According to Mayan legend, The Pyramid Of The Magician was created over a single night. Some versions state that the magician was a dwarf, hatched out of an egg under the spell of his mother, a witch.
The pyramid is located in the ancient city of Uxmal in Yucatán, Mexico, and provides the inspiration for a bronze sculpture by Montreal-born, London-based artist Paul de Monchaux, 78.
While the pyramid is the largest structure in Uxmal, de Monchaux’s work is less than half a metre tall. The mythical images that adorn the walls of the original are absent here. The stairs of de Monchaux’s sculpture, Uxmal (2008), tilt downwards at a queasy angle. The animistic power of the pyramid is exchanged for smooth, cold form.
De Monchaux has said that “formal invention alone can generate emotional responses that have no names.” Indeed, it is difficult to describe his “sculpture city.” These works appear self-contained to the point of being closed off entirely. Rather than emotion, they generate a sense of clean and total control.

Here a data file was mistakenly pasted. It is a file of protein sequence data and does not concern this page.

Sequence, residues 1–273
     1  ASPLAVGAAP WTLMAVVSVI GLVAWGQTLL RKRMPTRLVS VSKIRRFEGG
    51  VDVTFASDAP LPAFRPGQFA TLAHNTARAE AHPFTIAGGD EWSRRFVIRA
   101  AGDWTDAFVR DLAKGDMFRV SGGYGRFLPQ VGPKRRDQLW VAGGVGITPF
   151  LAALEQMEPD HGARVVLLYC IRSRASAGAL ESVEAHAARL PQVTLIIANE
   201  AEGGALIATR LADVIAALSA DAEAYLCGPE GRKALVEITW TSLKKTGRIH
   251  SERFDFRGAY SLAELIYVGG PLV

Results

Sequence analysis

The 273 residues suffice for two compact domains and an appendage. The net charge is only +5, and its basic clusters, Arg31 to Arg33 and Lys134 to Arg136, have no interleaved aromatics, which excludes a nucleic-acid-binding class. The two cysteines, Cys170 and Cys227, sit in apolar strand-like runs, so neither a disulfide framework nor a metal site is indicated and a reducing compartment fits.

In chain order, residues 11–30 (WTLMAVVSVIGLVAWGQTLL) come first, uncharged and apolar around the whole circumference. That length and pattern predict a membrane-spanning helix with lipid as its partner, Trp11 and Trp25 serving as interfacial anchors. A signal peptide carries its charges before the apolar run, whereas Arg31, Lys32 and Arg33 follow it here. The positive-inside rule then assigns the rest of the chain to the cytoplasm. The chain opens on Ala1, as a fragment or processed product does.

This is de Monchaux’s first exhibition in a private gallery. He was Head of Fine Art at Camberwell until he retired in 1986, and has created several publically commissioned sculptures, including Symmetry (1993), the Wilfred Owen memorial at Shrewsbury Abbey.
The Piper Gallery is unique for representing artists whose careers span 40 years or more yet have been overlooked due to the art market’s emphasis on youth. Megan Piper, 28, is a talented gallerist but this exhibition doesn’t quite hit the mark.
Volute III (2008) is a black bronze sculpture that continues the Mayan theme in the form of a serpent curling back on itself. Like the pyramid, it uses the visual language of myth and symbol yet denies such meaning.
De Monchaux describes himself as a “figurative sculptor,” responding to “things” rather than ideas. These works do not appear figurative but refer to the human body in an oblique way.
Song School (2009) hints at lovers conjoined, while the delicate dips and divisions of Ellipse (2005) recall the roundness of a Henry Moore, who likewise was influenced by pre-Columbian art.
Moore’s early reclining female figures were indebted to a photograph that he came across in 1922 of Chacmool, a carving of the Mayan rain spirit.
There is a stillness to these works. But their refusal to yield much to the viewer is frustrating rather than mysterious.